Whine and Dime #0003


Opening a bank account in the UK is difficult. Really, really difficult. But difficult in a perplexingly complex way. It is easier for an ex-bankrupt, an ex-prisoner, or a homeless person to get a bank account in the UK than it is for an Australian expat. You have to demonstrate both proof of address and proof of identity, which is reasonable, but the trick is that you cannot use the same document for both purposes. And the documents that the banks will accept for proof of address can be very difficult to come by if you have just landed in the UK.

The banks we spoke to will accept a utility bill with your address on it. However, in order to get a utility bill, you need to have a current account from which a direct debit can be made because no utilities will allow for post-payment or credit card payments for utility bills. They would not even accept a residential tenancy agreement, even though it was a signed and executed legal document, nor would they accept a formal letter on council letterhead indicating that we were registered for council tax. They told us that they would only accept a bill for council tax, which is something that won't arrive for three months. 

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What is perhaps more surprising about opening a UK account than the documentation requirements is that you have to make an "appointment". There is no way to even start the process online (for the big high street banks). And making an appointment is not just a simple matter of walking into a branch.

The first bank we spoke to couldn't find an appointment slot for several weeks, the second one had a spot in "about a week", and the third one was prepared to find a spot on a Saturday morning when we told them of our plight, and the fact that we had a "private banking" sum of cash to move from Australia. Sadly, several hours after confirming the appointment the bank called us back to let us know that the Saturday appointment was cancelled because the staff member had called in sick.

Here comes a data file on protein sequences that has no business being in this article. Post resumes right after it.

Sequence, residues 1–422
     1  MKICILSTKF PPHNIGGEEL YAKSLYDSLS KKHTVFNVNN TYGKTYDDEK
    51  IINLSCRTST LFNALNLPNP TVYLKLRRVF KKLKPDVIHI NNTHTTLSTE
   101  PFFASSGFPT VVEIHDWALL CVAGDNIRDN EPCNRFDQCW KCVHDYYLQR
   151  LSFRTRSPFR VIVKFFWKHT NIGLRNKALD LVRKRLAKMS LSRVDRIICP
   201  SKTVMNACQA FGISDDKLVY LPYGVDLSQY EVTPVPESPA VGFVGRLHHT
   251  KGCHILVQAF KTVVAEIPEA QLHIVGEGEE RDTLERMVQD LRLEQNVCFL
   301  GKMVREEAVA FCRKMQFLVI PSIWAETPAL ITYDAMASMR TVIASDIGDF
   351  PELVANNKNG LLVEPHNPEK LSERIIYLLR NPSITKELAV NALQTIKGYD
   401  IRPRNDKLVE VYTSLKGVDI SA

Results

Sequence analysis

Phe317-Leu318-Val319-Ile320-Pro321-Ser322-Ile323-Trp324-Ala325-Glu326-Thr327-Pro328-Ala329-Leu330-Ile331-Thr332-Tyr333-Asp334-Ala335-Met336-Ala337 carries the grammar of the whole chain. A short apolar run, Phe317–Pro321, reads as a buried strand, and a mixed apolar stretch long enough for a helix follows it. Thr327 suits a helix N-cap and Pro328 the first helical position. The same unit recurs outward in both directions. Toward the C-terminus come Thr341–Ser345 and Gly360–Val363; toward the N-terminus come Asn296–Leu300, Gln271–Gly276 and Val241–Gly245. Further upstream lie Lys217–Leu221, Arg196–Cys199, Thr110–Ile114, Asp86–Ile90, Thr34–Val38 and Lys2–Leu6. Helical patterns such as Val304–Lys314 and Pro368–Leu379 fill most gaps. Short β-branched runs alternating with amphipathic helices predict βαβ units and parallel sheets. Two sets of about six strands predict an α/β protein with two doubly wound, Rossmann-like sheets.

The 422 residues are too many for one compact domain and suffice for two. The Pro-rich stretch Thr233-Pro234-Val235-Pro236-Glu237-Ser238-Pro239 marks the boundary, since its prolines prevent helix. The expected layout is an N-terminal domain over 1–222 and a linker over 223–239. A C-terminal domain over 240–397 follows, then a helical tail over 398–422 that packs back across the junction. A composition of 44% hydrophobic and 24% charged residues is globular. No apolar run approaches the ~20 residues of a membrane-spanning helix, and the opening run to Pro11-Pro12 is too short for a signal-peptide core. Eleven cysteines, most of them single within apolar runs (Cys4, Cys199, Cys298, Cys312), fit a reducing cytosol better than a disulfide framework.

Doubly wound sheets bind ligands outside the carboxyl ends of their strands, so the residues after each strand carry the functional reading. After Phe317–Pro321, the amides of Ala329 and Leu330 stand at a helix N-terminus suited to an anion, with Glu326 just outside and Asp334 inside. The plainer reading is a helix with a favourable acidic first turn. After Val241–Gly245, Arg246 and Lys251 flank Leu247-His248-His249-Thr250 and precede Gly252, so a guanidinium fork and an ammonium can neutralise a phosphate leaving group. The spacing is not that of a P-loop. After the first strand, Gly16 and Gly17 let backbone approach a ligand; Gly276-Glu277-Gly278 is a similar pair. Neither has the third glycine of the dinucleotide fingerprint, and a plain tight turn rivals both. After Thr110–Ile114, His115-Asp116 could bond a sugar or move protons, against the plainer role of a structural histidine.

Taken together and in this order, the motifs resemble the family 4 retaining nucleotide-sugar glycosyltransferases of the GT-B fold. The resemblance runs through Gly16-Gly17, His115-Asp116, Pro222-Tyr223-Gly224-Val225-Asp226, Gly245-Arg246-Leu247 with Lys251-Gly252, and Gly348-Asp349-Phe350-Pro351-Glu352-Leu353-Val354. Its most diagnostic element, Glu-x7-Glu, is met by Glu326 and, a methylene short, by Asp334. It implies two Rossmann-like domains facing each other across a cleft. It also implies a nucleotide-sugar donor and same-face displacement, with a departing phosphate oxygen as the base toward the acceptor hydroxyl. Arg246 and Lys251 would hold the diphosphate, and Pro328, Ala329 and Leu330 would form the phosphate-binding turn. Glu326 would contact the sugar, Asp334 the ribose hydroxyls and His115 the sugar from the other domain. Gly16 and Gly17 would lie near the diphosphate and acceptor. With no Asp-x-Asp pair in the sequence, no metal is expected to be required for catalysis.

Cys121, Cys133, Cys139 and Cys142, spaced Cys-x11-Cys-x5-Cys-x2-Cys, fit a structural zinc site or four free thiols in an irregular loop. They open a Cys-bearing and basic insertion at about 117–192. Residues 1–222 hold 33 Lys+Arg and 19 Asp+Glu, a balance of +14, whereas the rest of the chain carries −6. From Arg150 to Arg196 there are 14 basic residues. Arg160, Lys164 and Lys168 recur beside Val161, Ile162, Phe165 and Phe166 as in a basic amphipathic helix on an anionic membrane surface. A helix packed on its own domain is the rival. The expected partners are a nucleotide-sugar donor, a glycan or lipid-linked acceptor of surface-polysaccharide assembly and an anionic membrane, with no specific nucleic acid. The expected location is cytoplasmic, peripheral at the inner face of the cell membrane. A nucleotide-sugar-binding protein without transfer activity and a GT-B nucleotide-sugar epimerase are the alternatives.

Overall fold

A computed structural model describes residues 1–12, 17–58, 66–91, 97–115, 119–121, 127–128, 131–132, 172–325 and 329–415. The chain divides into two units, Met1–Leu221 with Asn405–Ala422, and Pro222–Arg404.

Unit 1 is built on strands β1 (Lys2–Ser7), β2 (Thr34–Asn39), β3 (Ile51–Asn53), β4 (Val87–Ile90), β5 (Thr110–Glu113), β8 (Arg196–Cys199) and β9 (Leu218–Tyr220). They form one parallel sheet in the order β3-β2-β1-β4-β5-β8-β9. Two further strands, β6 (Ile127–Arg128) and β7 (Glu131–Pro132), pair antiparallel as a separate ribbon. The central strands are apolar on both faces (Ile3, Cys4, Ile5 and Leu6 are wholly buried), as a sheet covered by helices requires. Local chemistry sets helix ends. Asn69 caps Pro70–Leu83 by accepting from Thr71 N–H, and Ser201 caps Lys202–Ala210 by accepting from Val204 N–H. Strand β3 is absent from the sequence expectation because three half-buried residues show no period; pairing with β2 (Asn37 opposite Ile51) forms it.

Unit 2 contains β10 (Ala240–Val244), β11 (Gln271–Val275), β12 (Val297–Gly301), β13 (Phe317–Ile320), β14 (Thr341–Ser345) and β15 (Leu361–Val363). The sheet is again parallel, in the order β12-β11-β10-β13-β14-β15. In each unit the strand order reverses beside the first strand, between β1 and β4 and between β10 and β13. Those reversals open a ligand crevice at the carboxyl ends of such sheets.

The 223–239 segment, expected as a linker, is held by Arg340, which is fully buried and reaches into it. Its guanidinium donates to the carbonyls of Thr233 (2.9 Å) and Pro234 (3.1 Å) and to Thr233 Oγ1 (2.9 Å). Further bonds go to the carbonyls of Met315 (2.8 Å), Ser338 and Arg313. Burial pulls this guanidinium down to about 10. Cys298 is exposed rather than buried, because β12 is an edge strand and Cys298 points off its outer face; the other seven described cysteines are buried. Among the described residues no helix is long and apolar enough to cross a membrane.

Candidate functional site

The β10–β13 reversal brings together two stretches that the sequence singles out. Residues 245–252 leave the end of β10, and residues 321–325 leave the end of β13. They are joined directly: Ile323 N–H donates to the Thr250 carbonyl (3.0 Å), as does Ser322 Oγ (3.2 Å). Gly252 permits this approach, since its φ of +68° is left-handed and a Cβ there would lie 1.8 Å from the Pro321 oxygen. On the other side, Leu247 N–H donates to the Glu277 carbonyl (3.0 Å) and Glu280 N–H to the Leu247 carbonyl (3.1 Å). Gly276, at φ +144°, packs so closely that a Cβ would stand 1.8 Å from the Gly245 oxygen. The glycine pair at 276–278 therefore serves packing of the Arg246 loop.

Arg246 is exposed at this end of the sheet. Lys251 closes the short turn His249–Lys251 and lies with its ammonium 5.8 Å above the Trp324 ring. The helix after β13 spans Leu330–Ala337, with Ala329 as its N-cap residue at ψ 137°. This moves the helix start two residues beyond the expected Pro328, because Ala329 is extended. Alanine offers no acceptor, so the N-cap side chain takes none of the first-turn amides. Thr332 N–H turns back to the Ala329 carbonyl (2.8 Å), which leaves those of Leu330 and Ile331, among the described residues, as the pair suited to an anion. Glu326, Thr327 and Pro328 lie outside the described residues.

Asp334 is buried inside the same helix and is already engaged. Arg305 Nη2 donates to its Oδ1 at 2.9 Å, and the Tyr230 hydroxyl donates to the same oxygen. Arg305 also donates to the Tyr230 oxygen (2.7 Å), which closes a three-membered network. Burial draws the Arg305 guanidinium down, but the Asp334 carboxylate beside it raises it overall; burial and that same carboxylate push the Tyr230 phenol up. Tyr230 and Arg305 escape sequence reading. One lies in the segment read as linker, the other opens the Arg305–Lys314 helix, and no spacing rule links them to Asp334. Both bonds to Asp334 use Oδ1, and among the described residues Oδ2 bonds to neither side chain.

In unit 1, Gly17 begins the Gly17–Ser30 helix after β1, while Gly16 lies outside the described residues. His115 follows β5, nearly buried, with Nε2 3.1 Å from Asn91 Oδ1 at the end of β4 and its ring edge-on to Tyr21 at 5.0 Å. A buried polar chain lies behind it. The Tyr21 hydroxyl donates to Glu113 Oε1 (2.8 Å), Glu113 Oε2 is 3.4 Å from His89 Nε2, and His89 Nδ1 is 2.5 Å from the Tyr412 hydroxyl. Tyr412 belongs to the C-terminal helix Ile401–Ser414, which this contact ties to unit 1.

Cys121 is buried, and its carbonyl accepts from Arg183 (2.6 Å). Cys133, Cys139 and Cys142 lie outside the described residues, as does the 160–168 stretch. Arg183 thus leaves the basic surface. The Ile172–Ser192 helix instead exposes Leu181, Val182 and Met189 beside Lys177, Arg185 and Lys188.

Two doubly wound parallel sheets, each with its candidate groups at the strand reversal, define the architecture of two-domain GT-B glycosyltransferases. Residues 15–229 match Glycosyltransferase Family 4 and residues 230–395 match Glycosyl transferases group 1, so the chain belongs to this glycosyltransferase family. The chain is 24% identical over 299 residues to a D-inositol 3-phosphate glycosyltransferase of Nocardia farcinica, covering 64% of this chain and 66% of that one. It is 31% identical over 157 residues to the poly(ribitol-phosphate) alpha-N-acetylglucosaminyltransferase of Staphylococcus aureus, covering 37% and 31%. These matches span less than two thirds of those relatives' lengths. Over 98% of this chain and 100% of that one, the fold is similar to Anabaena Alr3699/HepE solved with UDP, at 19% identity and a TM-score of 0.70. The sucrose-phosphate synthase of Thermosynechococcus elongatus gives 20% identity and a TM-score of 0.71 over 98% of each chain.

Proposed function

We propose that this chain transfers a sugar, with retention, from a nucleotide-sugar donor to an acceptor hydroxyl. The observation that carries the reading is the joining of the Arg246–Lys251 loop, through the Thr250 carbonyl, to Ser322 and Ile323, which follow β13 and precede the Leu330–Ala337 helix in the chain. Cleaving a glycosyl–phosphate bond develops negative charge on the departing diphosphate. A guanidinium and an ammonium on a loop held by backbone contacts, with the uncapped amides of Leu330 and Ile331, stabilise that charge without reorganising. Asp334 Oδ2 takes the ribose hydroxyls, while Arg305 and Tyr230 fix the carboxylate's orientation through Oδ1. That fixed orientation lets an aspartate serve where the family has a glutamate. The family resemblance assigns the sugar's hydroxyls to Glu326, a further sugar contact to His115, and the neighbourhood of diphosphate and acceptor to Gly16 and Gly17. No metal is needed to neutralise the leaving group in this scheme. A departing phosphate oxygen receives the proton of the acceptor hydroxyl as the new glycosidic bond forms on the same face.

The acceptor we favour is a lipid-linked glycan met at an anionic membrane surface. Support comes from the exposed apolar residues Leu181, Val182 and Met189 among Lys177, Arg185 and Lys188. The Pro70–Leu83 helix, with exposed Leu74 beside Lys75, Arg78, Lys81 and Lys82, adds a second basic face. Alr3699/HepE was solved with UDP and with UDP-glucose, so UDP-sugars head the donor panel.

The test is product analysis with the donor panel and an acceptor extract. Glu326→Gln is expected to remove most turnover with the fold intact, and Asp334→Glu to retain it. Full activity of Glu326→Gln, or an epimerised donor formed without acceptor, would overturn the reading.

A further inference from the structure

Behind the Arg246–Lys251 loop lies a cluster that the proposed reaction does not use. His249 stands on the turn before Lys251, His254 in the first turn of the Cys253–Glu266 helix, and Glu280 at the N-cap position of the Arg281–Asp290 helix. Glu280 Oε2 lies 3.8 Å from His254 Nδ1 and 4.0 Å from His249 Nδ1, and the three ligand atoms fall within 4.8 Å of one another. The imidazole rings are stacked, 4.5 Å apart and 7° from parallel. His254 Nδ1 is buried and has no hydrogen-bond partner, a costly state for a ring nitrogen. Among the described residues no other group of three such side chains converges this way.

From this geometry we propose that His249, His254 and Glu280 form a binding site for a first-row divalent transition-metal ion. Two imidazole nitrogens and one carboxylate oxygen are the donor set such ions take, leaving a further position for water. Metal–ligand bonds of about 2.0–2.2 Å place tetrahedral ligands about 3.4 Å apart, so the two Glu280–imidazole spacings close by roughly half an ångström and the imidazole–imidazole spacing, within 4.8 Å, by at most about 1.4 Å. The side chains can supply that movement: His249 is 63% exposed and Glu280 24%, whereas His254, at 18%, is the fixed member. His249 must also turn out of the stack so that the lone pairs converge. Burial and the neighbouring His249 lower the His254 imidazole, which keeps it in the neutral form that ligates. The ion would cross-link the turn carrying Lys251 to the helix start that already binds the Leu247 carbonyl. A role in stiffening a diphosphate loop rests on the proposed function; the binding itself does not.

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One bank did tell us that they would accept details of a UK National Insurance Number, so we called the questionably named "National Insurance Hotline" in an attempt to get registered. As new residents we were foiled again. The first person we spoke to could not find a time for an appointment. And this was not "could not find a time for an appointment today" but simply "could not find any time for an appointment". When pressed, she indicated that we might be able to get one in November. At least this was November 2015. 

It ended up being easier for me, an Australian citizen with a UK ancestry visa, to start the process. In 7-10 days from our call, the National Insurance folks will send me a letter (by post, of course) telling me that the process has started. From this, I can then arrange a time to come in and be interviewed. They didn't say if I needed to travel by horse and cart to the meeting, or if travel by internal combustion engine vehicle would be appropriate. Luckily, I can work for up to 3 months without a National Insurance number. We are still none the wiser about how to go about getting a National Insurance number for my wife, who holds dual Australian / UK passports. 

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After a bit of online research, we found a tip from a fellow Australian expat. If you can, change the address for one of your Australian bank accounts to your new UK address before you leave for the UK. Then organise for a statement to be sent to that address.

UK bank staff will tell you that "Internet printouts" are not accepted. This adds another difficulty as most Australian banks have online statements, and have had for some time, so there is no difference whatsoever between a statement sent in the post and a PDF of the statement downloaded from the Internet. We will see how this works out for us next week. If we can get an appointment. 

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Something else that might be useful, depending on your circumstances, are "offshore banking" or "passport bank accounts". However, most of the offshore banking accounts require a balance that pushes you into the banks' private banking category, which is not always easy to achieve. 

CORRECTION: HSBC offers an online account opening process for "passport accounts". You can start that process here.

Additionally, here are few links that might be of use to anyone thinking of relocating to the UK, and wanting to set up a bank account:

Industry News 

Not much this week as most of the time has been taken up trying to open a bank account. 

According to the SMH, Eftpos is getting its tap and go, online act togetherGlenbrook consulting argues that the interdependence of e-government and government e-payments is another payment chicken and egg challenge. And the World Economic Forum thinks that we need a common standard for moving e-money

Also, just in case anyone has forgotten about the depths of the global financial crisis (or "GFC" as we like to call it in Australia), the Guardian thinks that the banks have ignored the lessons of the crash

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